Depression is a psychological disorder that is sometimes referred to as the ‘common cold’ of mental health. Nearly 10% of the population suffers from a depressive disorder at any given time.
We all get down or have sad periods in our lives from time to time that can last a period of days or weeks, but when it continues for an extended period that keeps you from leading a normal, active, productive life, you may need to evaluate yourself, your feelings, and seek treatment.
There are several different types of depression: Major depression, dysthymia, bi-polar disorder, psychotic depression, and seasonal depression. Symptoms of depression can vary for each individual and depends on the type of depression one has.
Seasonal Affective Disorder (also know as S.A.D., winter depression, winter blues or seasonal depression) is a type of depression that occurs from the start of the fall and continues until the spring. SAD affects about 4 to 6 percent of the U.S. population. People who suffer from SAD can have normal mental health throughout most of the year but experience depressive symptoms in the winter.
The causes of depression are not fully known, most likely a combination of genetic, biologic, and environmental factors play a role, although some believe it is triggered by the brain’s response to decreased daylight exposure.
One study of SAD in the United States found the rates of SAD were seven times higher among people in New Hampshire than in Florida, suggesting that the farther people live from the equator, the more likely they are to develop SAD.
Experts think that two specific chemicals in the brain, melatonin and serotonin, that may be involved in SAD. These two chemicals help regulate a person's sleep-wake cycles, energy, and mood. Shorter days and longer hours of darkness in fall and winter may cause increased levels of melatonin and decreased levels of serotonin, creating the biological conditions for depression.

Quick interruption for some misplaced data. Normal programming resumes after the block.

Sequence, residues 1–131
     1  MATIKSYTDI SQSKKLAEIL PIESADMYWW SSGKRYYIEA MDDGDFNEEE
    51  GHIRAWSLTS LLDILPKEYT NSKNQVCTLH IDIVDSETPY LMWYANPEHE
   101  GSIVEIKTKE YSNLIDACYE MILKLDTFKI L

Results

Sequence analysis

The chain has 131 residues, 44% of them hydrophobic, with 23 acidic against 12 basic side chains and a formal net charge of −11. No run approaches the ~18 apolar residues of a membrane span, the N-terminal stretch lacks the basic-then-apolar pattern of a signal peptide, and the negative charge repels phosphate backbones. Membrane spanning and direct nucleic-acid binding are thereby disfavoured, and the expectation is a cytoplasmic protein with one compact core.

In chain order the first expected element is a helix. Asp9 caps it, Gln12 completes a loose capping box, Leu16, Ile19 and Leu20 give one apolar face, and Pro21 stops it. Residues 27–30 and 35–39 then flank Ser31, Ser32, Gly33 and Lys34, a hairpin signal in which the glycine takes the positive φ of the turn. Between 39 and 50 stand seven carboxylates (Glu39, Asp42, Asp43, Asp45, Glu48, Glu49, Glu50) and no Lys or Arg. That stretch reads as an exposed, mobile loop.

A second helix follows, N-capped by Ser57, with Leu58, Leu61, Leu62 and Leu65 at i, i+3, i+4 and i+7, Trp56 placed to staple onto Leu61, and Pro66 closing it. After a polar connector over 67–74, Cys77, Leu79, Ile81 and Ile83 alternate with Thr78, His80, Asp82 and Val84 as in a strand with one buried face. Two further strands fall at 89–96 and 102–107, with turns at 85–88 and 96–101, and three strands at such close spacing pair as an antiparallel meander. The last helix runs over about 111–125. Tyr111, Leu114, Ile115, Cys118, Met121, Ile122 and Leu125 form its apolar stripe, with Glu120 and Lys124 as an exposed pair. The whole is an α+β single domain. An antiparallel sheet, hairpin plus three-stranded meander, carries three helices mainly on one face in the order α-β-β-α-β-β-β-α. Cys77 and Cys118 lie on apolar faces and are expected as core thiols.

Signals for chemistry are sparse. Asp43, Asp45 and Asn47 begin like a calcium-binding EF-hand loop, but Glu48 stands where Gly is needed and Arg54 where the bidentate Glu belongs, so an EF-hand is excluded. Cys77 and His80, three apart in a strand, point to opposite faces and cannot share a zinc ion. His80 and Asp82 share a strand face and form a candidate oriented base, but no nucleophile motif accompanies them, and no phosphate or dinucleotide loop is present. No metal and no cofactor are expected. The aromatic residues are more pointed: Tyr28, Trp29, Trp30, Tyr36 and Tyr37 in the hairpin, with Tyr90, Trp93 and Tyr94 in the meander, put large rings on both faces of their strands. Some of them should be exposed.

Melatonin is linked to sleep. The body produces it in greater quantities when it's dark or when days are shorter. This increased production of melatonin can cause a person to feel sleepy and lethargic.
With serotonin, it's the reverse - serotonin production goes up when a person is exposed to sunlight, so it's likely that a person will have lower levels of serotonin during the winter when the days are shorter. Low levels of serotonin are associated with depression, whereas increasing the availability of serotonin helps to combat depression.
It is important that you do not diagnose yourself with SAD. If you have symptoms of depression, see your physician for a thorough assessment.
Most people with SAD have symptoms appear during the late fall or early winter and go away during the beginning of spring or summer. People with SAD have many of the normal signs of depression, including:
It's normal to have some days when you feel down. But if you feel down for days at a time and you can't seem to get motivated to do activities you normally enjoy, see your physician.
Summer SAD is also known as Reverse Seasonal Affective Disorder. Unfortunately, there is a small number of people that become depressed in the summer. Summer SAD is thought to affect less than 1% of the population, making it much rarer than winter SAD. Those with Summer SAD sleep less, eat less and lose wait. It is the reverse of winter SAD, hence the name Reverse SAD. Summer SAD is linked to a sensitivity to heat and light. Experts recommend staying cool with cold showers, air conditioning, swimming in cold lakes, or heading north to cooler climes if you can. Since people tend to drink more alcohol in the summer, be mindful of your consumption, since alcohol is a depressant. Talk to your physician if you’re struggling with a low mood during the summer.
Some people with the opposite pattern have symptoms that begin in spring or summer. In either case, symptoms may start out mild and become more severe as the season progresses.